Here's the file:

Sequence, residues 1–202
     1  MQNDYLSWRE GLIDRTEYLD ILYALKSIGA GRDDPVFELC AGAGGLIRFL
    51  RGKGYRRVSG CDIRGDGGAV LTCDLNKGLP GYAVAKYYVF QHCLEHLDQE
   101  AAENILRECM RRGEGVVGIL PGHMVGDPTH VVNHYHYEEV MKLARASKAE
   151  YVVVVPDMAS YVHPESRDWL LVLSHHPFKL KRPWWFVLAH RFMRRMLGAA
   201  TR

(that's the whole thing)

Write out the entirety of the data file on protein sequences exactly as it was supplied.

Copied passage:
Sequence, residues 1–202
     1  MQNDYLSWRE GLIDRTEYLD ILYALKSIGA GRDDPVFELC AGAGGLIRFL
    51  RGKGYRRVSG CDIRGDGGAV LTCDLNKGLP GYAVAKYYVF QHCLEHLDQE
   101  AAENILRECM RRGEGVVGIL PGHMVGDPTH VVNHYHYEEV MKLARASKAE
   151  YVVVVPDMAS YVHPESRDWL LVLSHHPFKL KRPWWFVLAH RFMRRMLGAA
   201  TR